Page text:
“What We Owe the Democracy: Martin Luther King, Jr., the Right to Vote, and the Call to Civic Duty” by Atiba R. Ellis

The right to vote is a contested concept in American society. The choices made by elected federal and state governments, on the behalf of “We the People” as to who is not included in our democracy both construct American citizenship and reflect American democratic values. The contest around the right to vote, called “the voting

“How the Divisive Nature of Religion Could Unify our Divided Politics” by Mingyu Jun

In the 2016 presidential election, 81% of white evangelical Christians voted for the GOP candidate Donald Trump, while only 16% gave their votes to Hilary Clinton.This significant margin has the potential to grow further in the 2020 election with the voting polls indicating that 82% of evangelicals would vote for Trump over Biden. To close

“Trump, Biden, and Religious Claims in a Secular Space” by John E. King

“USA Bible” by Pastor Robert / Flickr / CC BY-ND 2.0 At a campaign event in early August 2020, President Trump made statements about his Democratic rival for the presidency, Joe Biden, that went beyond his typically disparaging remarks about Biden’s policies, cognitive abilities, or political record. Instead, Trump’s comments were decidedly religious. Trump informed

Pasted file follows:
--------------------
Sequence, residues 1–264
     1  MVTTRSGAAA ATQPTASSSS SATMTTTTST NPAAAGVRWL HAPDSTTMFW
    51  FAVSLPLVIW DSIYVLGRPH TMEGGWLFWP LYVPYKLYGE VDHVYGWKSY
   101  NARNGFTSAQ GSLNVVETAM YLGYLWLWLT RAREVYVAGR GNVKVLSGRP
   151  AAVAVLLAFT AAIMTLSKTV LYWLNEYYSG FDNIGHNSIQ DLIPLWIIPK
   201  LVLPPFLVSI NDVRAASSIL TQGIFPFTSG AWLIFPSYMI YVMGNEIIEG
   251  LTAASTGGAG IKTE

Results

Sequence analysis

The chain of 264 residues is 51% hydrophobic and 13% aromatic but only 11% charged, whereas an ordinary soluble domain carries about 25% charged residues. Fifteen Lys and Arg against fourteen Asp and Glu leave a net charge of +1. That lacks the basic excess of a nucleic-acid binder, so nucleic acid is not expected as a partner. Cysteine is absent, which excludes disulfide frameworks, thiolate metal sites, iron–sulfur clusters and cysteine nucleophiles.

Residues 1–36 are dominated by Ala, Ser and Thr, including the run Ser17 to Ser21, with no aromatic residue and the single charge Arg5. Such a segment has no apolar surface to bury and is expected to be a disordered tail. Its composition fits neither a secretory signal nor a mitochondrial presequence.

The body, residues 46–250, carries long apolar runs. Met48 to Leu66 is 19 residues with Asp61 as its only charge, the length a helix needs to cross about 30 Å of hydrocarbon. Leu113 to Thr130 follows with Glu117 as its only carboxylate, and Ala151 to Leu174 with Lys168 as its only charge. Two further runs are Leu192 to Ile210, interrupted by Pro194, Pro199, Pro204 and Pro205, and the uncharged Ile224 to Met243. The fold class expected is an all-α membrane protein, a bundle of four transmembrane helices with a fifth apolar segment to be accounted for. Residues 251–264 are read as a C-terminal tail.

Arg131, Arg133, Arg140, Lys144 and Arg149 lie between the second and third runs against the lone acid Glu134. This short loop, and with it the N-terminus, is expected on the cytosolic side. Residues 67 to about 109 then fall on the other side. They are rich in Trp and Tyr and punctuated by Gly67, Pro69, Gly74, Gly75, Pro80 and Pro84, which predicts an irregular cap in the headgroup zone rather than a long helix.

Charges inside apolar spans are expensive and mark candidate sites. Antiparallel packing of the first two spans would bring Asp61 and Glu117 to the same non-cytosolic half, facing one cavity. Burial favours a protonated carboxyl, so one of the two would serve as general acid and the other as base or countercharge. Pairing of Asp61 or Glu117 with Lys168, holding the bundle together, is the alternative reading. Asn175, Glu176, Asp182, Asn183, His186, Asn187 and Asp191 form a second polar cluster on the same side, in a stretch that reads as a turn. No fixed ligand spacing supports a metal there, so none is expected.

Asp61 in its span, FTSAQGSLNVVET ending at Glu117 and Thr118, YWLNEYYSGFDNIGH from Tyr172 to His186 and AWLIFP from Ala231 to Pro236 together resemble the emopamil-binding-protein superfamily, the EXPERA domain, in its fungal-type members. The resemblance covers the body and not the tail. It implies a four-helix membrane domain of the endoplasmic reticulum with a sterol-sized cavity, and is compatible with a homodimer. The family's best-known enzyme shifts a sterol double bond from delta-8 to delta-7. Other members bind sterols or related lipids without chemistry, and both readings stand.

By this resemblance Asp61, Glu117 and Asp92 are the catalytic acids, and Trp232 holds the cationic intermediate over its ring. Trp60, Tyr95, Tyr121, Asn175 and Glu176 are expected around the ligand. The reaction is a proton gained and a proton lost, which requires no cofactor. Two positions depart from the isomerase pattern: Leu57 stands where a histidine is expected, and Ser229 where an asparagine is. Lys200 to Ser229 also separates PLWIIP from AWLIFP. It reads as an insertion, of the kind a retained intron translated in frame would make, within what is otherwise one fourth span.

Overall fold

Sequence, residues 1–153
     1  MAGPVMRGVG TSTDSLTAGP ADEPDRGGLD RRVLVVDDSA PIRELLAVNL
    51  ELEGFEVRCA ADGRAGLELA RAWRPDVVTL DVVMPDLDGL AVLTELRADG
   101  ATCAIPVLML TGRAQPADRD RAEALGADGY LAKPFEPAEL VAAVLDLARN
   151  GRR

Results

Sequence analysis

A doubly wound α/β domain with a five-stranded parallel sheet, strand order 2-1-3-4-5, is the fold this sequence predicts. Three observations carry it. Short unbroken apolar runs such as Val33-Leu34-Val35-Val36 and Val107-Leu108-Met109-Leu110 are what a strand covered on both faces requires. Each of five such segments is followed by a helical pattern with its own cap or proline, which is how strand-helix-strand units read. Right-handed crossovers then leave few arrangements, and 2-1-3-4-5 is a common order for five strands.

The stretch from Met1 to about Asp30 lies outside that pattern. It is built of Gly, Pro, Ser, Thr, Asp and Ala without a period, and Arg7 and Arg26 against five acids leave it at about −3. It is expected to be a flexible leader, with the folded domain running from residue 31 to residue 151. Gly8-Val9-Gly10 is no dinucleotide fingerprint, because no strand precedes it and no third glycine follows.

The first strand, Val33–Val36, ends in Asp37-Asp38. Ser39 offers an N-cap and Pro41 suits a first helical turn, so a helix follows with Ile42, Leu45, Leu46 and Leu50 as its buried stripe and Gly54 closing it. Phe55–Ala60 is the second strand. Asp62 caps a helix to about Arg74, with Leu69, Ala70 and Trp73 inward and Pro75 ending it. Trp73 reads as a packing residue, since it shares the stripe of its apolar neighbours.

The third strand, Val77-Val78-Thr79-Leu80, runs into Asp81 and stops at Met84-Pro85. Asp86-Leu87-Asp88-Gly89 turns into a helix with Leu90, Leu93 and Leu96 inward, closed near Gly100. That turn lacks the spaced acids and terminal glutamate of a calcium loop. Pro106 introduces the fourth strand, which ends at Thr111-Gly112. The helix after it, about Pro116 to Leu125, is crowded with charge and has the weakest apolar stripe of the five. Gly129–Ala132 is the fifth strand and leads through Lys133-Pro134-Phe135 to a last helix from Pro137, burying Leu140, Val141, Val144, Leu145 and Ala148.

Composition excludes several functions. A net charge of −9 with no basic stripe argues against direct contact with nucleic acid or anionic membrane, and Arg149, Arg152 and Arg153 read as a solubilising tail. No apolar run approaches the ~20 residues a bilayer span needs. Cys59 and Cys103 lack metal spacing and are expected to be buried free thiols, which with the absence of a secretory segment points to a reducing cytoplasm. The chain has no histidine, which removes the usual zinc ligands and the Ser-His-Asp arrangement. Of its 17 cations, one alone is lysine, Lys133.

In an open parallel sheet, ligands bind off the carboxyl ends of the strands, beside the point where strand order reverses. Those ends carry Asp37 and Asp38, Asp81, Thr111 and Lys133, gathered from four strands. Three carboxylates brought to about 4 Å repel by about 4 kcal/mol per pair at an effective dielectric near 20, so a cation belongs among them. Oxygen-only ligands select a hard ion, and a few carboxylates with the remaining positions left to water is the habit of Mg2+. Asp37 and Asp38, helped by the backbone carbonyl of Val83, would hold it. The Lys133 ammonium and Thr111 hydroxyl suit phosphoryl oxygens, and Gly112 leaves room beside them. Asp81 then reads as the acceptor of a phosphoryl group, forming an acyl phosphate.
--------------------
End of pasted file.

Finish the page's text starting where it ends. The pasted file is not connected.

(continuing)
“Religion and the Presidential Election” by Steven K. Green

It has been ten presidential election cycles since Ronald Reagan defeated the nation’s most religiously devout president, Jimmy Carter, a feat he accomplished with the overwhelming support of conservative Christian voters. The preceding year (1979) had witnessed the rise of the “Moral Majority” and the Religious Right, and Reagan’s election apparently cemented the relationship between

“Representation and Whiteness among the ‘Spiritual but not Religious'” by Dr. Amanda Lucia

Yoga class, Lightning in a Bottle, 2016 / Photo courtesy of author. When I was conducting research for my new book I spent nine years in multiple field sites with people who largely identified as “spiritual but not religious” (SBNR). These people were seeking expansive spiritual experiences, and I followed them through networks of transformational

“Baptist History and Pentecostalism” by Doug Weaver

The Apostolic Faith Mission on Azusa Street, Los Angeles, CA in 1907 / Wikimedia Most observers (and participants!) do not see much if any connection between Baptists and Pentecostals. Baptists are generally known as cessationists — contending that the miracles in the New Testament and the extraordinary spiritual gifts practiced like glossolalia (speaking in tongues),